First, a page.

IdN v24n6: Typography & Type Design — To Make a Mark or Strike a Delicate Balance?
Designers tend to see typography as visual language; a good piece of typography maintains a delicate balance between being visually stunning and at the same time powerfully conveying the message it is meant to carry. It takes years of practice and enormous talent to make this happen on a regular basis.
In the following feature article, we have gathered together 47 creative types, some who specialise in type design, some in typography, and some who are good at both. When these designers are given 26 letters of the alphabet plus numbers, they can turn them into memorable visuals in their own write — or as elements capable of complementing any number of design-led messages.
Alex Frukta | Alfredo Marco Pradil/Hanken Design Co. | Ben Fearnley | bb-bureau | Benoît Challand | Charry Jeon/CFC | Cheolhong Kim | CREAM/Wes L. Cockx | Dima Abrakadabra | DM² Graphics/Mario De Meyer | DSORDER/Martí Serra | eltipo | Eps51 | Estudi Ramon Carreté | Fraktal Design Studio/Frkstudio | Heavyweight Digital Type Foundry | House Industries | HvD Fonts/Hannes von Döhren | Jules Tardy | Julien Gionis/StudioJugi | Coke | Lo Siento | Marcel Piekarski | Marina Glikman | Marta Cerdà Alimbau | MILTZ | mobstr | Mohamed Samir | Moshik Nadav Typography | Muokkaa Studio | My Name is Wendy | Non-Format | Official Classic (OFCL) | Particle/Gao Yang | Philippe Nicolas | Pokras Lampas | Rafa Goicoechea | Raquel Peixoto | Ryan Atkinson | Setup/Ondrej Jób | Shun Sasaki/Ayond | SPIN | Syddharth/Siddharth Mate | The Northern Block | Thinking*Room | Vladimir Egoshin/Typemate | Village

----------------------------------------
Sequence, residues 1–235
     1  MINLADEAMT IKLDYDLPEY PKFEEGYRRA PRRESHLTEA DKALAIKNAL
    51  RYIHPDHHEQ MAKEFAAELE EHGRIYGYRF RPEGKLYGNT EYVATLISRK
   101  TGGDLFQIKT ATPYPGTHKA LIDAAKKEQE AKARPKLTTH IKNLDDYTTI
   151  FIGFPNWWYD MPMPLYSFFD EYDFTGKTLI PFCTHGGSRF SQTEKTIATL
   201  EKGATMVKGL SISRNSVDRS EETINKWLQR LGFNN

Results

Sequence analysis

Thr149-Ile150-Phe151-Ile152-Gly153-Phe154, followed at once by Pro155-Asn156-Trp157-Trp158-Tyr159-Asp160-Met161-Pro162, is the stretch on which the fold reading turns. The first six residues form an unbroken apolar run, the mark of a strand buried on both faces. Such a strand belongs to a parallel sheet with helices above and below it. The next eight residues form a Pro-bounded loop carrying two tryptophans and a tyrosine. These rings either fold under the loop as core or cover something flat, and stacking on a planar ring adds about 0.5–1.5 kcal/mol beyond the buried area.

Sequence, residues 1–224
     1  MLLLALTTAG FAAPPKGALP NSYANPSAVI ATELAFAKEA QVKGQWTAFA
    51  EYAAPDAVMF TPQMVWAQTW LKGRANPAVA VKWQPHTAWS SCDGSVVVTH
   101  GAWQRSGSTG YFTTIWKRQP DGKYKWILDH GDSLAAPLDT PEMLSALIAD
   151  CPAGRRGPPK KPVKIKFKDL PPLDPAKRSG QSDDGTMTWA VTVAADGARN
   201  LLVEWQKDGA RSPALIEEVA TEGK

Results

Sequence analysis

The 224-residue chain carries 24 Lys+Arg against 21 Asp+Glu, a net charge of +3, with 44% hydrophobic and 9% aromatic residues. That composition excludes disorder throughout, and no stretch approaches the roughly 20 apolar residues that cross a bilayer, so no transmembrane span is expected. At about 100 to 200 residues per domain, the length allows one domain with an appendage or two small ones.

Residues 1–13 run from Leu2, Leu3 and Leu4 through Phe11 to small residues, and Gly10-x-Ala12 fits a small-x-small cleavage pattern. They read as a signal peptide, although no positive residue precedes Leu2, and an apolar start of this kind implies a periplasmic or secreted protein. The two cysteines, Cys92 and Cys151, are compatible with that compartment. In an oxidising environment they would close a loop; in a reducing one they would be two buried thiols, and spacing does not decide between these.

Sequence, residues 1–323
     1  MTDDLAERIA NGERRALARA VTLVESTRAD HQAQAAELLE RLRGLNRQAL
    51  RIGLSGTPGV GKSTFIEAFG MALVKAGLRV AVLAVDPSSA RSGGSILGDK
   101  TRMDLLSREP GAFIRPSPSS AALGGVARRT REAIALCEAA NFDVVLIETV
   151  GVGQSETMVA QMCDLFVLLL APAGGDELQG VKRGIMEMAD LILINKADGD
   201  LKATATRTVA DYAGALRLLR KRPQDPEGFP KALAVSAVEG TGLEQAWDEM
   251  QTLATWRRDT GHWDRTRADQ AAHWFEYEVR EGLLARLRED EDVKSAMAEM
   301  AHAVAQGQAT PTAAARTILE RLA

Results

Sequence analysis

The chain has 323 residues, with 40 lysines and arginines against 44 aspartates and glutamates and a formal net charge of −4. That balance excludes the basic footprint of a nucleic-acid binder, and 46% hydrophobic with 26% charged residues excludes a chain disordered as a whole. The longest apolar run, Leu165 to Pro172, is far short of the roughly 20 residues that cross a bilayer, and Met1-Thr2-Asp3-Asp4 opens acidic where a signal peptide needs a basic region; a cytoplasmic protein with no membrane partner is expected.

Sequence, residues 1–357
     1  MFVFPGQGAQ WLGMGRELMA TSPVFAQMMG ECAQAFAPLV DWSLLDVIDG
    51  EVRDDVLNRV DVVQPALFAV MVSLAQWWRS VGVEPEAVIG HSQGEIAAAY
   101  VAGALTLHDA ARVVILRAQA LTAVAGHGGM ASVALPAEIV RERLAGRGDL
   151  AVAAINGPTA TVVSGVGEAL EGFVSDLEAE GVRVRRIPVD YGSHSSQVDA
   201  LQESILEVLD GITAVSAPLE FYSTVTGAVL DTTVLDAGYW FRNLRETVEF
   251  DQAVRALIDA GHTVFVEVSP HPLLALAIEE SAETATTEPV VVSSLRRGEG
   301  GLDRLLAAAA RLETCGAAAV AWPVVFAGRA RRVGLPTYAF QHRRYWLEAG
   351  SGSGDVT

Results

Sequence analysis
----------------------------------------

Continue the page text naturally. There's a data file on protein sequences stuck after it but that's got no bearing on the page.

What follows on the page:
160p + 8p cover
160mm (w) x 230mm (h)
4 varying paper stocks
4C process + matt lamination
ISSN (English Edition): 1029 4805
ISSN (Chinese Edition): 1029 4813
Typography & Type Design
When a graphic designer starts work on a project, one of the first decisions to be made is what kind of typeface to use. Hours can be spent rooting through the options until the right combination is arrived at — most often more than one.
And despite the literally thousands different type-sets available to us these days, there are still never enough to satisfy every designer’s needs. Hence the temptation for most of them to tailor-make their own.
Once a set of type interacts with other elements, it instantly changes its status to that of typography. This is the art and technique of arranging type to make written language legible, understandable and appealing when displayed.